Saint Luke (c.72) - Catholic patron saint of physicians and surgeons (himself being a physician, iconographer and evangelist)
Bede, the Venerable (c.672–735) - Catholic monk who wrote a work On the Nature of Things, and several books on the mathematical / astronomical subject of computus, the most influential entitled On the Reckoning of Time. He made original discoveries concerning the nature of the tides and his works on computus became required elements of the training of clergy, and thus greatly influenced early medieval knowledge of the natural world.
**Pope Silvester II **(c.950–1003) - A scientist and book collector, he influenced the teaching of math and astronomy in church-run schools, and raised the cathedral school at Rheims to the height of prosperity.
Hermannus Contractus (1013–1054) - Wrote on geometry, mathematics, and the astrolabe. He was also a monk who composed Marian antiphons and was essentially beatified.
Robert Grosseteste (c.1175–1253) - Bishop of Lincoln, he was the central character of the English intellectual movement in the first half of the 13th century and is considered the founder of scientific thought in Oxford. He had a great interest in the natural world and wrote texts on the mathematical sciences of optics, astronomy and geometry. He affirmed that experiments should be used in order to verify a theory, testing its consequences.
**Pope John XXI **(1215–1277) - He wrote the widely used medical text Thesaurus pauperum before becoming Pope.
Albertus Magnus (c.1193–1280) - Patron saint of scientists in Catholicism who may have been the first to isolate arsenic. He wrote that: “Natural science does not consist in ratifying what others have said, but in seeking the causes of phenomena.”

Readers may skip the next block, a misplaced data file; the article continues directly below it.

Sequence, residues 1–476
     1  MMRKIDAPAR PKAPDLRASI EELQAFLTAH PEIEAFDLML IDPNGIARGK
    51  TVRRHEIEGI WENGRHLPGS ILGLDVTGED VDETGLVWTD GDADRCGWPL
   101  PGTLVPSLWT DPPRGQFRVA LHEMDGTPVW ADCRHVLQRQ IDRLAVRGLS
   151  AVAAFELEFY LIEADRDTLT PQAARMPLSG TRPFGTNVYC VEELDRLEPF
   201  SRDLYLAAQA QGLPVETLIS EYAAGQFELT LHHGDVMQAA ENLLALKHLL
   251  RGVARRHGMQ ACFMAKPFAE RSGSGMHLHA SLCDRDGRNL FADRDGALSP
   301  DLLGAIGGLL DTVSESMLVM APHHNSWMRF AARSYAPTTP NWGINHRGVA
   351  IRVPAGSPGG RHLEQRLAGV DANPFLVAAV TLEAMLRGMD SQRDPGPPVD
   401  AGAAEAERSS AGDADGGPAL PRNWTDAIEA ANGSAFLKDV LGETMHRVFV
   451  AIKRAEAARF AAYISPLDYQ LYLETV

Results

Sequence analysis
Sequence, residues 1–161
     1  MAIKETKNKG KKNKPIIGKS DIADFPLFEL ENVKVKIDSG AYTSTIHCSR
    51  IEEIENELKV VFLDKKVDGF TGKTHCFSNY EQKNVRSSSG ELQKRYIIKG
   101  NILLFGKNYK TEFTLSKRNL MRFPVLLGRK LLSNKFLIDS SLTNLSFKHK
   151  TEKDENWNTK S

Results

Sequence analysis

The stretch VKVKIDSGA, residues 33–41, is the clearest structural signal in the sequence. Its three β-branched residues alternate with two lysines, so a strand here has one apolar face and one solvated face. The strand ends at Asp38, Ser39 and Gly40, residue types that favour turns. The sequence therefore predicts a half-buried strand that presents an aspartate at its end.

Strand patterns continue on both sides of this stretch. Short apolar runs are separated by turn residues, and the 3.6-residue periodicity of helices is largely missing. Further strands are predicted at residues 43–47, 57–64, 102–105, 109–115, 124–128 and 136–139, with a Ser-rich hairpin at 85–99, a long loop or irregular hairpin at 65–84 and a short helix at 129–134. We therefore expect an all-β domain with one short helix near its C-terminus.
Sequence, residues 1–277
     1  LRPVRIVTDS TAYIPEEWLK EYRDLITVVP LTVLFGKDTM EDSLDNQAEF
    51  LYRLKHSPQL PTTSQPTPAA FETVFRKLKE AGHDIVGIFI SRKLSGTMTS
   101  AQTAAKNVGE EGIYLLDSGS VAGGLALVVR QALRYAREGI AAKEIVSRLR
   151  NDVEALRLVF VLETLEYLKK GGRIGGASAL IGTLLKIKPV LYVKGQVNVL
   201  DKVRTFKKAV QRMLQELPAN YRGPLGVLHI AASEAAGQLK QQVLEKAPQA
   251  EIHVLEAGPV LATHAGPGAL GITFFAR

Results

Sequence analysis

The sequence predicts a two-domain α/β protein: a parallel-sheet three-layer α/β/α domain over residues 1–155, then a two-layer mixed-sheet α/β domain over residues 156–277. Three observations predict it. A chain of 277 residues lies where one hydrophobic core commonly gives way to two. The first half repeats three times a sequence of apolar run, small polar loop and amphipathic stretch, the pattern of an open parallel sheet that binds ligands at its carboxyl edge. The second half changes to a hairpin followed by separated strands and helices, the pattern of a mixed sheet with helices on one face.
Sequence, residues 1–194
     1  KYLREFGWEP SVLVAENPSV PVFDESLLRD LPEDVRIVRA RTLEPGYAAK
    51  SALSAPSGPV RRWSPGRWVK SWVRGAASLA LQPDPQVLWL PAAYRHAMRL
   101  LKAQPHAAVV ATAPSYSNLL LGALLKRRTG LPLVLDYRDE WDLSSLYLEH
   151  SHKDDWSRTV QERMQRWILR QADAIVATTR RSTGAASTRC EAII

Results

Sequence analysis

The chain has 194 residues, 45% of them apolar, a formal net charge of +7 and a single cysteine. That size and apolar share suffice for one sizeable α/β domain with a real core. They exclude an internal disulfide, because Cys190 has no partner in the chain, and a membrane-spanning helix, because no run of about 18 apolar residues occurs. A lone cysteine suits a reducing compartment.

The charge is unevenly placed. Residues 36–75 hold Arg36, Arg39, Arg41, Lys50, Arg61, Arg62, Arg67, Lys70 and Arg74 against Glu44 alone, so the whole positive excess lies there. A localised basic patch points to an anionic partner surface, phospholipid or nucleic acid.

Roger Bacon (c.1214–1294) - He was an English philosopher who emphasized empiricism and has been presented as one of the earliest advocates of the modern scientific method. He joined the Franciscan Order around 1240, where he was influenced by Grosseteste. Bacon was responsible for making the concept of “laws of nature” widespread, and contributed in such areas as mechanics, geography and, most of all, optics.
Theodoric of Freiberg (c.1250–c.1310) - Dominican who is believed to have given the first correct explanation for the rainbow in De iride et radialibus impressionibus or On the Rainbow.
Thomas Bradwardine (c.1290–1349) - He was an English archbishop, often called “the Profound Doctor”. He developed studies as one of the Oxford Calculators of Merton College, Oxford University. These studies would lead to important developments in mechanics.
Jean Buridan (1300–1358) - Catholic priest and one of the most influential philosophers of the later Middle Ages. He developed the theory of impetus, which was an important step toward the modern concept of inertia.
Nicole Oresme (c.1323–1382) - Theologian and Bishop of Lisieux, he was one of the early founders and popularizers of modern sciences. One of his many scientific contributions is the discovery of the curvature of light through atmospheric refraction, he also showed that the reasons proposed by the physics of Aristotle against the movement of the Earth were not valid. Oresme strongly opposed astrology and speculated about the possibility of extraterrestrial life.
Nicholas of Cusa (1401–1464) - Cardinal and theologian who made contributions to the field of mathematics by developing the concepts of the infinitesimal and of relative motion. His philosophical speculations also anticipated Copernicus’ heliocentric world-view.
**Ignazio Danti **(1536–1586) - Bishop of Alatri who convoked a diocesan synod to deal with abuses. He was also a mathematician who wrote on Euclid, an astronomer, and a designer of mechanical devices.
René Descartes (1596–1650) - Descartes was one of the key thinkers of the Scientific Revolution in the Western World. He is also honoured by having the Cartesian coordinate system used in plane geometry and algebra named after him. He did important work on invariants and geometry.
Giovanni Battista Riccioli (1598-1671) - Italian astronomer. He was a Jesuit who entered the order in 1614. He was also the first person to measure the rate of acceleration of a freely falling body.
Athanasius Kircher (1602-1680) - German Jesuit scholar who published around 40 works, most notably in the fields of oriental studies, geology and medicine. He made an early study of Egyptian hieroglyphs. One of the first people to observe microbes through a microscope, he was thus ahead of his time in proposing that the plague was caused by an infectious microorganism and in suggesting effective measures to prevent the spread of the disease. Kircher has been compared to Leonardo da Vinci for his inventiveness and the breadth and depth of his work